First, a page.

The Secret Life of Fat by Dr. Sylvia Tara is an interesting book. Fat, both what we consume but also the fat in our body is not really understood well. Dr. Tara presents the science and case studies about fat. There were two particularly interesting cases regarding fat. One was of a girl who had no fat. Her body simply could not absorb and process it. The result was a very sick, thin girl. Another was of a young woman who literally could not stop eating. Both cases make you wonder about fat and the importance of it in the diet. Our bodies, especially hormones and our brains, depend on fat to function properly.

The book claims to provide the secret to losing weight. This is the weakest part of the book and the advice was really not all that helpful. This book provides insight and interesting case stories about fat and that is the main reason to read the book.

Book Rating: 4 stars.

Thursday, January 10, 2019

Herbal Antibiotics

Herbal Antibiotics by Stephen Buhner is a great reference manual. I picked this up because I was curious. Are there herbal remedies that can help fight infection? According to Buhner, there are and they are more effective long term than antibiotic pharmaceuticals. The herbal remedies are gentler on the body and have fewer side effects. More studies need to be done to really understand how the herbals work in comparison to prescribed antibiotics, but it is worth knowing what options may exist.

The books is a bit dry, detailed, and technical. There are bits and pieces of humor sprinkled throughout, so you may be surprised to read some of Buhner's personality coming through. I did read most of the book, skimming a few sections. Buhner describes each remedy, sources, side effects and warnings. He includes some dosing and preparation recommendations.

This is a handy manual to have on hand. Buhner has written extensively about herbal medicine and he is considered an expert on the topic. He does get some criticism because herbal medicine relies on "folk wisdom" rather than scientific. It's not that he hasn't encouraged more studies, it's just there isn't much motivation because there is little to no profit in it's application. Buhner is especially well known in the lyme community for putting together an herbal protocol for those patients.

Book Rating: 5 stars.

The books I select for review are books which I personally select from my local library. I do not receive any reimbursement from authors or publishers or free books. I do provide links to Amazon as a convenience to the readers of this blog, which are affiliate links.

Tuesday, January 08, 2019

Everything I Never Told You

I picked up Everything I Never Told You by Celeste Ng because I was intrigued by the mystery. The story is centered around a Chinese-American family living in Ohio. All of the parents hope are placed on their daughter Lydia to make something of herself. She is under intense pressure to perform and succeed. On an outing at a local watering hole, Lydia is found dead. Did she commit suicide or was she murdered? No one can quite figure out what happened.

As the story unfolds, the family must deal with their grief and guilt. The pressures of the investigation cause the family to fall apart. The mother and father drift apart, blaming each other. Siblings turn on each other and their parents. Secrets are slowly revealed.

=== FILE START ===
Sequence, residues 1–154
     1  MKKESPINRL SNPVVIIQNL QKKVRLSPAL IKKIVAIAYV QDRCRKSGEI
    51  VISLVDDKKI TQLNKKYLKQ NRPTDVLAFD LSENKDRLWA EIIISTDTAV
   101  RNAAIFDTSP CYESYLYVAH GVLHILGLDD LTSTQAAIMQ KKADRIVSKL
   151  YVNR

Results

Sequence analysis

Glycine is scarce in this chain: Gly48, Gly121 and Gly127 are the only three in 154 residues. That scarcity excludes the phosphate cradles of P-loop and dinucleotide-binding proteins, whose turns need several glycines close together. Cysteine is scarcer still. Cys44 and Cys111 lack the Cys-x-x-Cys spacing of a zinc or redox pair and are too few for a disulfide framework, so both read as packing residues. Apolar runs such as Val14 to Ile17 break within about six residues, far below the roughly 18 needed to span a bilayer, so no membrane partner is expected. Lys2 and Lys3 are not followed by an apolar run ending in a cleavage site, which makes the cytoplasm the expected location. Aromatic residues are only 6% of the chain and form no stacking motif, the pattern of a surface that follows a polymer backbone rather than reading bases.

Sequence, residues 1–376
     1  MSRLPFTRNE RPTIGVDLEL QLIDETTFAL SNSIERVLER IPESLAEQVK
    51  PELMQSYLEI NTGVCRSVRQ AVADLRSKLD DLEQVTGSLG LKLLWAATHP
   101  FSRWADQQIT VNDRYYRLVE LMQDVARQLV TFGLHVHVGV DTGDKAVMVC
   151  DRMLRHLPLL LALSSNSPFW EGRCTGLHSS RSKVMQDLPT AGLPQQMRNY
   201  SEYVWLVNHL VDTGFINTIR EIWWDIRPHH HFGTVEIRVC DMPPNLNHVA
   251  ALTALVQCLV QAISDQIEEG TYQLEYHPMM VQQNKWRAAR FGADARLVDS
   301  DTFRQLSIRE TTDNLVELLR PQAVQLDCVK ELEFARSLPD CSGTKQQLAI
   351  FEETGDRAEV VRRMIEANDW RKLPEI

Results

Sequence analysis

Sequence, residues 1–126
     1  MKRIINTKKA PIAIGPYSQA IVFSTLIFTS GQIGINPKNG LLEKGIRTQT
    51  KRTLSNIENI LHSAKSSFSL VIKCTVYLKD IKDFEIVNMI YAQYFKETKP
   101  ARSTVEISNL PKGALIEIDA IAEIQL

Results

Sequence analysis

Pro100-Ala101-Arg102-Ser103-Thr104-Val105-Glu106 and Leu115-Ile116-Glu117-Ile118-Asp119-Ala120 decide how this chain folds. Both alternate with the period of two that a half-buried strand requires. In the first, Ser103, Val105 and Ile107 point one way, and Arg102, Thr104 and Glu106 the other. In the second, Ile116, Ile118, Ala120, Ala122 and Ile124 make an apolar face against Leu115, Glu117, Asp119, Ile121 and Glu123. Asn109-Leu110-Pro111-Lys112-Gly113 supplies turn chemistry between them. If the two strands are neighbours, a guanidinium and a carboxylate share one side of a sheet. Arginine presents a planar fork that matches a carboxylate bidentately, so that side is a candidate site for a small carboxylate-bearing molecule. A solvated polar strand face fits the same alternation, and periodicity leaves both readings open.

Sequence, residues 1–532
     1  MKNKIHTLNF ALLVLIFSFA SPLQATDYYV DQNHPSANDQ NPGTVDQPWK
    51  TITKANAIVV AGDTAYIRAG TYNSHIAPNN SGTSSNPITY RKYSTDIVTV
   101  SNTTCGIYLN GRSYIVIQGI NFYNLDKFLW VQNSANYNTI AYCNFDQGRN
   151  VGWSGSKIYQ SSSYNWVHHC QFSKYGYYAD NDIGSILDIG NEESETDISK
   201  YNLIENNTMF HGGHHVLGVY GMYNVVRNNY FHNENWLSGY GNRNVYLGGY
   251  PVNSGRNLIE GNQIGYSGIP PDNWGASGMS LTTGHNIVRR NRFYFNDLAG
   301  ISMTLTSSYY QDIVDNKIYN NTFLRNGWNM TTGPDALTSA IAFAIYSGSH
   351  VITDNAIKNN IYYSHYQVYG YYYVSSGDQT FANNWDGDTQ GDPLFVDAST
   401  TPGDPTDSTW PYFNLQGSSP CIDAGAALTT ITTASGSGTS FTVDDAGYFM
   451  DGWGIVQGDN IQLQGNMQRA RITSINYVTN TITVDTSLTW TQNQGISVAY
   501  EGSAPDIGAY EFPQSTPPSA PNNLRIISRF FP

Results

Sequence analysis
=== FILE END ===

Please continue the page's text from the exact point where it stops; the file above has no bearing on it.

I only continued reading this book to see if there was any resolution to Lydia's death. Otherwise the story is just so depressing. Individuals make decisions that are just despicable. Do people really do these things to their family? Maybe some do but I find it hard to read. I always hope that in the midst of tragedy a family would pull together for comfort and strength no drift apart and begin despising each other.

I don't know if I can recommend this book completely. If you are ok with a depressing story, this might be for you.

The books I select for review are books which I personally select from my local library. I do not receive any reimbursement from authors or publishers or free books. I do provide links to Amazon as a convenience to the readers of this blog, which are affiliate links.

Thursday, January 03, 2019


I immediately liked the premise of Pines by Blake Crouch. It had a definite X-files vibe. The main character reminded me of Mulder. In this case Agent Ethan Burke is sent to Pines, Idaho to find and retrieve two agents that have gone missing. Shortly after his arrival, Ethan wakes up in a hospital with no i.d. and no idea how he ended up there. As he begins to explore the town, things don't seem quite right. There is a secret in Pines and none of the inhabitants seem too willing to talk. The town seems to be stuck 50 years in the past. No smart phones. No internet. And yet, the inhabitants seem to get along just fine. As hard as Ethan tried to escape, the more entrenched he becomes in Pines.

The mystery unravels slowly, but keeps you interested and intrigued. I could visualize the story as though it were a TV show. In fact, as I was reading I kept thinking that it should be a TV show, which eventually did happen.

I found the first story in the series to be really good. It had an intriguing and engaging story. You secretly hope Ethan can find a way to escape while also learning the town's secret. The first story does leave you hanging, so there are two more books in the series.